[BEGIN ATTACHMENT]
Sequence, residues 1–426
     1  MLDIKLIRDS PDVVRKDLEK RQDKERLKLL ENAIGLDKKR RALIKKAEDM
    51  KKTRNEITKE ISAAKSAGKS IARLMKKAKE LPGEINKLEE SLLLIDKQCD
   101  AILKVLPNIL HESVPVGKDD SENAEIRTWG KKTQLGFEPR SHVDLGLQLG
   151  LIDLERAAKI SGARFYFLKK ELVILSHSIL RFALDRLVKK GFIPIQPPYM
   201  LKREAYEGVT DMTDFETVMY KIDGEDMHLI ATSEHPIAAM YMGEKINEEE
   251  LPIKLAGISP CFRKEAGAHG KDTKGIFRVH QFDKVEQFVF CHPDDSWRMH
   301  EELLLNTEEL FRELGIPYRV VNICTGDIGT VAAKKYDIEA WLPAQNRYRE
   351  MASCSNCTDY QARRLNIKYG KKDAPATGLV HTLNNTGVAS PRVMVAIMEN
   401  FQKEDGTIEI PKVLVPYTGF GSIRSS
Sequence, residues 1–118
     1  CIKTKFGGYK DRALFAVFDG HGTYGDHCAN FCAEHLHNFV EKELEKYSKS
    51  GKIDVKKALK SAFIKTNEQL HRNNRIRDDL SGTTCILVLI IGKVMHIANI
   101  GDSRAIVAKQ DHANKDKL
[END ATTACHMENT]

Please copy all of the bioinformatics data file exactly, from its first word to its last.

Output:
Sequence, residues 1–426
     1  MLDIKLIRDS PDVVRKDLEK RQDKERLKLL ENAIGLDKKR RALIKKAEDM
    51  KKTRNEITKE ISAAKSAGKS IARLMKKAKE LPGEINKLEE SLLLIDKQCD
   101  AILKVLPNIL HESVPVGKDD SENAEIRTWG KKTQLGFEPR SHVDLGLQLG
   151  LIDLERAAKI SGARFYFLKK ELVILSHSIL RFALDRLVKK GFIPIQPPYM
   201  LKREAYEGVT DMTDFETVMY KIDGEDMHLI ATSEHPIAAM YMGEKINEEE
   251  LPIKLAGISP CFRKEAGAHG KDTKGIFRVH QFDKVEQFVF CHPDDSWRMH
   301  EELLLNTEEL FRELGIPYRV VNICTGDIGT VAAKKYDIEA WLPAQNRYRE
   351  MASCSNCTDY QARRLNIKYG KKDAPATGLV HTLNNTGVAS PRVMVAIMEN
   401  FQKEDGTIEI PKVLVPYTGF GSIRSS
Sequence, residues 1–118
     1  CIKTKFGGYK DRALFAVFDG HGTYGDHCAN FCAEHLHNFV EKELEKYSKS
    51  GKIDVKKALK SAFIKTNEQL HRNNRIRDDL SGTTCILVLI IGKVMHIANI
   101  GDSRAIVAKQ DHANKDKL